Skip

Random TV Plot Generators
June 2, 2009 12:51 PM   Subscribe

On TV on any given night:
Party Baby: Game show contestants with a shoe box full of cash, combating threats to our rain forest, almost always confused by what's going on, find out that even when you lose, you win.
Star Trek: The Next Generation: Whlist studying a pre-warp civilization, Wesley falls ill when the Enterprise encounters an apparent duplicate of Riker which is in fact a holographic simulation, so Riker delivers a phaser blast, which means everything turns out okay, though Picard has had to deal with children. Then, finally Guinan says something cliche and they leave at warp factor five.
...or, try your luck*.
*[previously on a very special MetaFilter. Other generators sold separately.]
posted by not_on_display (27 comments total) 5 users marked this as a favorite

 
Whlist ferrying bigwigs about Commander Data encounters some kind of spacetime rift thingy which is in fact not what it seems—as well as Q which pisses them about as a test and makes the crew act funny, throws the ship thousands of light years off course, depletes the shields to 5%, and picks off random crew members so they do something ludicrous and work out a cunning bluff and so their opponent dies, which means everything turns out okay, and Data learns a little more about the human condition. Then, finally Guinan says something witty and they leave at warp factor six.


Fail. Guninan never said anything witty.
posted by The Whelk at 12:55 PM on June 2, 2009


House.
posted by CheeseDigestsAll at 1:01 PM on June 2, 2009 [3 favorites]


My personal favorite is the Trek TOS one, which spits out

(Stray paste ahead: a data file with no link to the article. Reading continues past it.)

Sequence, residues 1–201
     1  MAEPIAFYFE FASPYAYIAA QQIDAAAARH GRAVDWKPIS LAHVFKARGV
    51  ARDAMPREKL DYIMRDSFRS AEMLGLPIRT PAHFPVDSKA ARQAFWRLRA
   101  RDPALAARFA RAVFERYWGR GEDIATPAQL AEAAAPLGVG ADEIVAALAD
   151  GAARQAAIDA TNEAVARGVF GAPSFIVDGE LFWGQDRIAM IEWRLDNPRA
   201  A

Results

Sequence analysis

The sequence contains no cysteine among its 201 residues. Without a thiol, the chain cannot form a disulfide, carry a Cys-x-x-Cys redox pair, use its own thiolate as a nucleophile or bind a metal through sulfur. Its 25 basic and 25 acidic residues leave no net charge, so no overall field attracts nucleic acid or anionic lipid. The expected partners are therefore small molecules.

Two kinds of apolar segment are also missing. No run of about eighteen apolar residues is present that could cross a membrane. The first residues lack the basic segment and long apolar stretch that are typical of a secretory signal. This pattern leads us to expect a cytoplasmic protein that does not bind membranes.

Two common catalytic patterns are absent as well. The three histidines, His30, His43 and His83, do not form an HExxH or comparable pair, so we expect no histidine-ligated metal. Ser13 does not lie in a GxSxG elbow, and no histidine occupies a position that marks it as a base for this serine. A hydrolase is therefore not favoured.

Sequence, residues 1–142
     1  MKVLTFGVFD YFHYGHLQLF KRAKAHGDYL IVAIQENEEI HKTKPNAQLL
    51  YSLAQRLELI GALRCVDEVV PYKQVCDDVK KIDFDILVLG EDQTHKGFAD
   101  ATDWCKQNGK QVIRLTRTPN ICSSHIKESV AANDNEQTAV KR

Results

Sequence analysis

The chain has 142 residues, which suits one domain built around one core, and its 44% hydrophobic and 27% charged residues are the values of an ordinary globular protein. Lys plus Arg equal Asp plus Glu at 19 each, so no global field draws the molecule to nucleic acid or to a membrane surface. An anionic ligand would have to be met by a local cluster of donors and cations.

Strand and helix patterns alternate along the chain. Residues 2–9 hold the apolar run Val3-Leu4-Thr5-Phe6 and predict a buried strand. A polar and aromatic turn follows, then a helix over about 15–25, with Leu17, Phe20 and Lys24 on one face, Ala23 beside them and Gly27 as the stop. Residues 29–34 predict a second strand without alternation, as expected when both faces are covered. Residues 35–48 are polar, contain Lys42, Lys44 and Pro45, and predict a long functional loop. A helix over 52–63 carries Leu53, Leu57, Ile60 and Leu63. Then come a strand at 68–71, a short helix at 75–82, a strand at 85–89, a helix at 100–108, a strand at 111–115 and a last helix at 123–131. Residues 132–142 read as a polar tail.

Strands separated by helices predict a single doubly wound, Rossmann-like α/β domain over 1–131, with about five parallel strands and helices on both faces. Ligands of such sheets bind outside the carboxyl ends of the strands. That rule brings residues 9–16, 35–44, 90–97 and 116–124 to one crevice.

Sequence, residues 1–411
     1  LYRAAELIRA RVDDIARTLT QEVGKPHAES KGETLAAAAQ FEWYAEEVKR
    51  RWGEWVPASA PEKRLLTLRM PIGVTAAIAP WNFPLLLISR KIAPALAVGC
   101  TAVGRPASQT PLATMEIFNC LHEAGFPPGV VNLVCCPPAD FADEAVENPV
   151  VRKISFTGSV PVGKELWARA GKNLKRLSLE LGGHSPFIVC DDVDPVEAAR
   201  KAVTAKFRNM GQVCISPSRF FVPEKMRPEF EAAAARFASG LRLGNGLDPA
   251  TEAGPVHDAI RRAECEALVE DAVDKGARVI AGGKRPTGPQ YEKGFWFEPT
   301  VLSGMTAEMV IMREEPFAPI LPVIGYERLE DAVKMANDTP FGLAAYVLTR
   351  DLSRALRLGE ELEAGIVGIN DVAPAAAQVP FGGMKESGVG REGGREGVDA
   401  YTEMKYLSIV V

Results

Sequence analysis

turns out to be _______ and vulnerable to violence

periodically, because aren't we all?
posted by theclaw at 1:08 PM on June 2, 2009


No, House.
posted by The Whelk at 1:09 PM on June 2, 2009 [2 favorites]


I must admit, I'm only vaguely aware of Star Trek. What is with the repeated whlist typo on every single plot generation?
posted by AmberV at 1:25 PM on June 2, 2009


I was trying to remember who did the Essence of House comment fable, The Whelk.

This is fun, it's like Markov TV.

Easy Hooper
An over-the-hill rock star and his comatose drug dealer in a futuristic metropolis, incredibly naive about the way the world works, discover a magical internet chat room. Featuring Mark Harmon.


I might watch that, actually.
posted by Rock Steady at 1:28 PM on June 2, 2009 [3 favorites]


What is with the repeated whlist typo on every single plot generation?

That's not a typo, actually -- "whilst" is a common British-English word that basically means "while" or "meanwhile".
posted by EmpressCallipygos at 1:31 PM on June 2, 2009


Yes, but "whlist" is not a common British-English word. I'm sure it just got typed that way into whatever text file the randomizer uses to feed itself.
posted by Rock Steady at 1:50 PM on June 2, 2009


Offtopic, but the Star Trek TNG cut-ups (previously) are up to number 24... #19 and 20 are especially good.
posted by anthill at 2:09 PM on June 2, 2009 [1 favorite]


So I'm doing some thinking about my new hot TV property, Easy Hooper. I think the rock star (Mark Harmon as Ezekiel "Easy" Hooper) is actually from 2009, and was sent forwards in time to 2275 as a result of a botched anti-aging procedure. He's been clean since some kind of devastating drug-fueled disaster in the late 80's (we don't find out just what that disaster was until 2nd season sweeps), but it turns out his old dealer - Stosh "Stash" Wiznarczek - is still alive. His body is comatose, but his consciousness resides in a small robot-like "biomech" (think Bender crossed with Gollum). Easy has no idea what is going on, and runs into Stash in some sleazy bac alley, where Easy is hiding from some NeoNeo punks that tried to kill him for his antique Fender, and Stash is trying to sell some Liquid Orgasm to a group of Harajukus.